It seems that come that time of the month, I need a little less insulin.  If I don't decrease my basal, I'm going low constantly.  I'm a little afraid of lows.  And, I'm way afraid of gaining weight.  So to compensate for the lows I either end up consuming too many calories, or aggressively adjusting my basals, causing chaos weeks down the road.

With a pattern A basal rate for this special time, I find I don't worry too much about adjusting my basal rate and then spending the next three weeks with blood sugars which are out of control, wondering what my old settings were, trying to remember them, and ending up having to re-do the entire basal process over again.  So I just switch over to pattern A and then back after a week or so.  Works wonders!

Another trick I've FINALLY learned is a little thing called WRITING IT DOWN.  Hello, Jen!  But seriously, I'll write down my original basal rates, the changes, and the dates the changes were made.  Genius I tell you.

Wednesday, May 1, 2013

Thyroid the back story

I've always had issues with my Thyroid and didn't feel that my Endocrinologist was properly treating that aspect of my endocrine issues.  So I sought out a new doctor who would take some more time on my thyroid and leave my diabetes up to my regular doctor.  I did a little research and decided on two local clinics.  One clinic didn't take insurance, so I went to the other one.

Some of the symptoms I've struggled with having low thyroid are typical, and others, I didn't realize were because of low thyroid.  Here's a list from Web MD, suffice it to say that I have MOST of them.  

Symptoms of Hypothyroidism

Symptoms of hypothyroidism may be vague and can often mimic other conditions. They may include:
  • Changes in the menstrual cycle
  • Constipation
  • Depression
  • Dry hair and hair loss
  • Dry skin
  • Fatigue
  • Greater sensitivity to cold
  • Slow heart rate
  • Swelling of the thyroid gland (goiter)
  • Unexplained weight gain or difficulty losing weight
  • Carpal tunnel syndrome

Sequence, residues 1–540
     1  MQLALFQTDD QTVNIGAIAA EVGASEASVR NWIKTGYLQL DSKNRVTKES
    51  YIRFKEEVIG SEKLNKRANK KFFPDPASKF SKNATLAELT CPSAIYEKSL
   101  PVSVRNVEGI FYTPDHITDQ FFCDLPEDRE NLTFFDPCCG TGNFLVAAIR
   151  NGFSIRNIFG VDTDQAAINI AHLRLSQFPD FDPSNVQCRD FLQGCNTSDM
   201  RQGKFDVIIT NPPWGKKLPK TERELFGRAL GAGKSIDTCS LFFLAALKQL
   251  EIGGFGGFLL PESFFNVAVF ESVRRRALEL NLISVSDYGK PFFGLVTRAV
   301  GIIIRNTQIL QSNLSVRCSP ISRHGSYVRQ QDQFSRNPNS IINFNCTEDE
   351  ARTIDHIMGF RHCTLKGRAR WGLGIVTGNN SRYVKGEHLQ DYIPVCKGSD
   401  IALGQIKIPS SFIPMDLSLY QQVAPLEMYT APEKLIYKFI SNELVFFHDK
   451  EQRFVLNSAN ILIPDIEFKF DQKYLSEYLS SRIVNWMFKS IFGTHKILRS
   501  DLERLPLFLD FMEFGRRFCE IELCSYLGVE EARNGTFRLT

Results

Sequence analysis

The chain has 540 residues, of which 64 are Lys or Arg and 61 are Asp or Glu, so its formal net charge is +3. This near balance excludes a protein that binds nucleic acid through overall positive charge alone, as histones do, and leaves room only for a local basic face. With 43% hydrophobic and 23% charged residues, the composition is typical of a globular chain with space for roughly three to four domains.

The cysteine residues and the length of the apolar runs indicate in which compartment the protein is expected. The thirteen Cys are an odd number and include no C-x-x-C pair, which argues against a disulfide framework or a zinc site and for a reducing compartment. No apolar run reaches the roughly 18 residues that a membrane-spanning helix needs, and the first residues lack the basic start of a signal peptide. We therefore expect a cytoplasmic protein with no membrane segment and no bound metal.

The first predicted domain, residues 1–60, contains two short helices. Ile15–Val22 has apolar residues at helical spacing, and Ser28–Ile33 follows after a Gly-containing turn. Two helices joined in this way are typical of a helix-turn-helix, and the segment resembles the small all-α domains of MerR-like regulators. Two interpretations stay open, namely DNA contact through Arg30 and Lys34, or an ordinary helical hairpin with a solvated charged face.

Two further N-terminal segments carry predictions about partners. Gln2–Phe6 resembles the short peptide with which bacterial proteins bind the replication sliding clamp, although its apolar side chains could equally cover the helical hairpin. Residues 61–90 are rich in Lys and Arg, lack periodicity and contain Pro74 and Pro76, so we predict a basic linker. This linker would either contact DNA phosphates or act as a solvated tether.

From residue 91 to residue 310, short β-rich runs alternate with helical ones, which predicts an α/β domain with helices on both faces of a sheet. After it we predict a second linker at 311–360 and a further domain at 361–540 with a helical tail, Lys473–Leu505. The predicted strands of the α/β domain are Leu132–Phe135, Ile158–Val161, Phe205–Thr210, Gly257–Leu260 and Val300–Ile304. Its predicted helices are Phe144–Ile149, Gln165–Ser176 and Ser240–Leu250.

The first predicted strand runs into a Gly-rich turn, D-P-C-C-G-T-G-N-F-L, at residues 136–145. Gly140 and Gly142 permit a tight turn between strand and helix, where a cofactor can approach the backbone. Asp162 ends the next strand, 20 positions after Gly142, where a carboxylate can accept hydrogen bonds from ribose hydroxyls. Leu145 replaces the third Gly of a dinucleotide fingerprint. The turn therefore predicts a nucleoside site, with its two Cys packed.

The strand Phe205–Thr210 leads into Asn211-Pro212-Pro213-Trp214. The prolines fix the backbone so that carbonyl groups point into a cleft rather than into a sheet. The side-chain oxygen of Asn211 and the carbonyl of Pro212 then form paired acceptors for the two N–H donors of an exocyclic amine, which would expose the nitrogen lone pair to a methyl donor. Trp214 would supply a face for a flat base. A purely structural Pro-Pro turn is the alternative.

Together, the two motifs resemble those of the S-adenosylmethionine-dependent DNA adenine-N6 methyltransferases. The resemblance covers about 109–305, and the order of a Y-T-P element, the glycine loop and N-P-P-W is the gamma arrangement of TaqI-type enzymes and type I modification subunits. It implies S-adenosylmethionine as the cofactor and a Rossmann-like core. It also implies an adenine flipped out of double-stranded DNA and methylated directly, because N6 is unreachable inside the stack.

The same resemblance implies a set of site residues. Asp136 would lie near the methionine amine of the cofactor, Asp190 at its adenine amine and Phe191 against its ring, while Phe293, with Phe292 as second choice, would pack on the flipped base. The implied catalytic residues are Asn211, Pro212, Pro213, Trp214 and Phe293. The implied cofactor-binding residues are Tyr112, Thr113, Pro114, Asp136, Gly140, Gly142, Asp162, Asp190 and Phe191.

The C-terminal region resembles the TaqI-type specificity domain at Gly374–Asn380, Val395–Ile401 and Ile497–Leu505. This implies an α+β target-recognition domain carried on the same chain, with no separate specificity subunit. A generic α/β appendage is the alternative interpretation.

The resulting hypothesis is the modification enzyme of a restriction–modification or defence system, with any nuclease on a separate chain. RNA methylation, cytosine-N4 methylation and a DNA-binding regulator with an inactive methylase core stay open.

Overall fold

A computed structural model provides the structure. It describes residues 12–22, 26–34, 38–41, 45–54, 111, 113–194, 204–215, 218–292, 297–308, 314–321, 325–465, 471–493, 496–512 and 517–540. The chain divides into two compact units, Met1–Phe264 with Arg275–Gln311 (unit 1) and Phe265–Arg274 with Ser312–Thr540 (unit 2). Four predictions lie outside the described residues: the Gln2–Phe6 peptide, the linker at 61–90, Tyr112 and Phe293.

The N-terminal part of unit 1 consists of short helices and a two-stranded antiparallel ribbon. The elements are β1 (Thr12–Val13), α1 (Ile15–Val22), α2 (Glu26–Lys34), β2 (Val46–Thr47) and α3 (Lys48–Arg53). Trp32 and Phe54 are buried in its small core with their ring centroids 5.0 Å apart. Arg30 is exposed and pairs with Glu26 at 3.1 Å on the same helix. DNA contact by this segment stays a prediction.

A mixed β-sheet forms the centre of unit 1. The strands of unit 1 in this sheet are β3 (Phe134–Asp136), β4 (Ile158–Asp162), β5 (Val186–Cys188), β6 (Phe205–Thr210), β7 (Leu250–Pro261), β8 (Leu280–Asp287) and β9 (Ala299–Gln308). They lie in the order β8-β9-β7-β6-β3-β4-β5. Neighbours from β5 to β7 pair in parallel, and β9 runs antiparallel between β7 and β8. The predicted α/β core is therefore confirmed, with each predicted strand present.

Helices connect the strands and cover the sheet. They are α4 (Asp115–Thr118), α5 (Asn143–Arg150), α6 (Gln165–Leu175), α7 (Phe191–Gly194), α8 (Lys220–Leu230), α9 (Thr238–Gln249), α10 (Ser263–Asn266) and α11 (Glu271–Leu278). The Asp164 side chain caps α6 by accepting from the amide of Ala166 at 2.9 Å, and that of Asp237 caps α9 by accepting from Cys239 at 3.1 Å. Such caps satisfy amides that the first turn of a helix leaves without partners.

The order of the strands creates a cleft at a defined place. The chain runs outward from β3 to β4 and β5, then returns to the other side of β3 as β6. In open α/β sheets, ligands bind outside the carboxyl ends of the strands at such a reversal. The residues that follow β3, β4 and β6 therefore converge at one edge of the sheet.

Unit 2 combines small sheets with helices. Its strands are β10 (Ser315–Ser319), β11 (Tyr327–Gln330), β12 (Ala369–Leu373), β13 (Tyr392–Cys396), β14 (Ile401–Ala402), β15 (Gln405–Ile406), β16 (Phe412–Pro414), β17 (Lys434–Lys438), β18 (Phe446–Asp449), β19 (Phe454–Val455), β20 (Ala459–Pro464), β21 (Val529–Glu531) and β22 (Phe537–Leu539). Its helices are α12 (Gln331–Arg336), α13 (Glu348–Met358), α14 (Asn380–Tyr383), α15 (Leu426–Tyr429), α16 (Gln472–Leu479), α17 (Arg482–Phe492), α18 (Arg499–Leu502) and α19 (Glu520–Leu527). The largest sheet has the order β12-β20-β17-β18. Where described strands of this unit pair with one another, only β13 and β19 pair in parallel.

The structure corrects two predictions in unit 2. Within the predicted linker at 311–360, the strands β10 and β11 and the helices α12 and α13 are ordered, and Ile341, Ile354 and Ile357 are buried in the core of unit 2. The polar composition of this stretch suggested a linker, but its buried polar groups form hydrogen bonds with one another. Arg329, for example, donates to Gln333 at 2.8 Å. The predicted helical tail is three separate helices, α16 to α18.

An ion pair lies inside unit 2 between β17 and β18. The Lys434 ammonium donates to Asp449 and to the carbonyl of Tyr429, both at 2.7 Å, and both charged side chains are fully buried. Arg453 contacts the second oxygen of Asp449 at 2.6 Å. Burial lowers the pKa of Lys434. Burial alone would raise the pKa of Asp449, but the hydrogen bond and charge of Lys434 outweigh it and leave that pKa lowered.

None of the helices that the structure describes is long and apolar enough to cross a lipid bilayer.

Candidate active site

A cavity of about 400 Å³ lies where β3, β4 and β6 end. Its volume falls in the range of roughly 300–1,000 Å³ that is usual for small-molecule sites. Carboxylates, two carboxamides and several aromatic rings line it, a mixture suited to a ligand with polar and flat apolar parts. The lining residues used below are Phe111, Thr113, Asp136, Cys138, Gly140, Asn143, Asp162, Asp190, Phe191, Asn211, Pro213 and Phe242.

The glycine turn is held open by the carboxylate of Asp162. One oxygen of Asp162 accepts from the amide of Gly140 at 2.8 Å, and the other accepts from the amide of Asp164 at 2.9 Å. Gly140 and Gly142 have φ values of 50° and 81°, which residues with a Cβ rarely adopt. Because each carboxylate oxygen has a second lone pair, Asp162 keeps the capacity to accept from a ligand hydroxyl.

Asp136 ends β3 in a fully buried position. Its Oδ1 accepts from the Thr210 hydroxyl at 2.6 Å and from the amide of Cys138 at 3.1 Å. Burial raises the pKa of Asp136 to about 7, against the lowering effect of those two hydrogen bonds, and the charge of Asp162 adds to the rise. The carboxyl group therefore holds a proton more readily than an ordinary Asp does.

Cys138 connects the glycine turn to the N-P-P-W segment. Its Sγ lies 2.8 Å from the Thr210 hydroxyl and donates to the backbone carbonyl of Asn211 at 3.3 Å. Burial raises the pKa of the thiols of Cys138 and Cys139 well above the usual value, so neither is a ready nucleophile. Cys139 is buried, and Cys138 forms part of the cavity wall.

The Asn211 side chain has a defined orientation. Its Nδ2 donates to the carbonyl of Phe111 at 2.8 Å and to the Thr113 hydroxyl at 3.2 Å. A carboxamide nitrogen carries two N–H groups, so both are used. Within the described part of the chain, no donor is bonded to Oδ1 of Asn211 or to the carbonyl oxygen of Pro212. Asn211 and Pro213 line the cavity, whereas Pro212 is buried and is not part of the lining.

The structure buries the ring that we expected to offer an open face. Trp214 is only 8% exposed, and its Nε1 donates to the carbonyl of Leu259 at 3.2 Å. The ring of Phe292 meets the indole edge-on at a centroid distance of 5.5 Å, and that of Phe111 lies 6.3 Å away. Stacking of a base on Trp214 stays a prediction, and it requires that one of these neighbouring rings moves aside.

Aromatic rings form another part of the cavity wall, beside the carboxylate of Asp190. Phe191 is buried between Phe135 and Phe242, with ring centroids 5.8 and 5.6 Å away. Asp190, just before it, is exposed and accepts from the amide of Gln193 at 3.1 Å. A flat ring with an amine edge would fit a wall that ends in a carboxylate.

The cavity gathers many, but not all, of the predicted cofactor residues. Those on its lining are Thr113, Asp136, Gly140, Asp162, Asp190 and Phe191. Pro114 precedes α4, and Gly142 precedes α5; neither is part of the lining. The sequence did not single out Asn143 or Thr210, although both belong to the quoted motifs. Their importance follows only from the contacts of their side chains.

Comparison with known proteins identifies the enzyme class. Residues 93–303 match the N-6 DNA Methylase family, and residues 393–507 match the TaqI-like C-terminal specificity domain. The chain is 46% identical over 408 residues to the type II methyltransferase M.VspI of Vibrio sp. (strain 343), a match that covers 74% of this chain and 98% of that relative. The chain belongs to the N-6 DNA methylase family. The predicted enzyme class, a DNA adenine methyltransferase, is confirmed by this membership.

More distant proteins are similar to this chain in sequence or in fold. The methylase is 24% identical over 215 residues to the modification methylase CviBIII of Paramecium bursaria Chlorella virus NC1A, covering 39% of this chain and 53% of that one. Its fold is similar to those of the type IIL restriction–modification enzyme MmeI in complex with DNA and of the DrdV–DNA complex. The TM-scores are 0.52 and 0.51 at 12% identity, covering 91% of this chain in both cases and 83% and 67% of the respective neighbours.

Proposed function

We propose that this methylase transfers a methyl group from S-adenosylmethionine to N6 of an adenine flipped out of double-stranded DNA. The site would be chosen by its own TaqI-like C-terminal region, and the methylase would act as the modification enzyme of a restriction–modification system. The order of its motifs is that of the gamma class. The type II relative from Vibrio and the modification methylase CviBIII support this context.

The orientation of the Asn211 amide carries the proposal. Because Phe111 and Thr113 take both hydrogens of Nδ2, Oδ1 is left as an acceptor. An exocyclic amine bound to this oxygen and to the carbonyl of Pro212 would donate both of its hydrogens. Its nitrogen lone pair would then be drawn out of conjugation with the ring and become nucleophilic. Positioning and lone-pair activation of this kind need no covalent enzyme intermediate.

The clinic that did take insurance, we'll call them "Fancy Thyroid Place" came highly recommended.  I knew a lot of women who have their thyroid treated there.  So, I booked my appointment for Fancy Thyroid Place and showed up not really knowing what to expect. The lobby looked like a spa and all of the employees dressed in black- felt like a fancy spa.  Anyway, I met with the doctor and right off the bat he was pretty rude to me.  I tried so hard to keep an open mind and I feel like I did eventually warm up to what he had to say.  We agreed to get some blood work done before making any changes to my regimen.

I had my blood work drawn and scheduled an appointment for three weeks later to have a look at things.  He opened up my file and right away said I had Hashimotos (hypothyroid) and that I needed to be gluten free.  He went over the rest of my thyroid numbers with me, told me they were all out of whack and wrote me a prescription for a different thyroid medication.

I took to the internets asking for help with this and was surprised when an endocrinologist friend told me that Hashimotos and gluten free don't necessarily need to go to there.  I wanted to be a good patient though and so I cut out gluten and started taking the new medicine.  I corresponded with this doctor friend a little more and she advised me that the medication this Fancy Thyroid Place was giving me, wasn't really a recommended or trusted treatment.  So.  I really had some decisions to make.

I kept with it and did the follow-up blood work about a month later.  In the mean time, I felt.  like.  crap.
I wasn't sleeping as well, I just wasn't myself.  But I sure was trying.

Follow up blood work suggested nothing.  Basically no change.  So in the end, I quit this doctor and went back to my old treatment plan.  And back to eating wheat.  (for a while at least).  See the continuation in these posts: New Country, New Doctor (part 1) and Part 2: New Doctor, lots of Test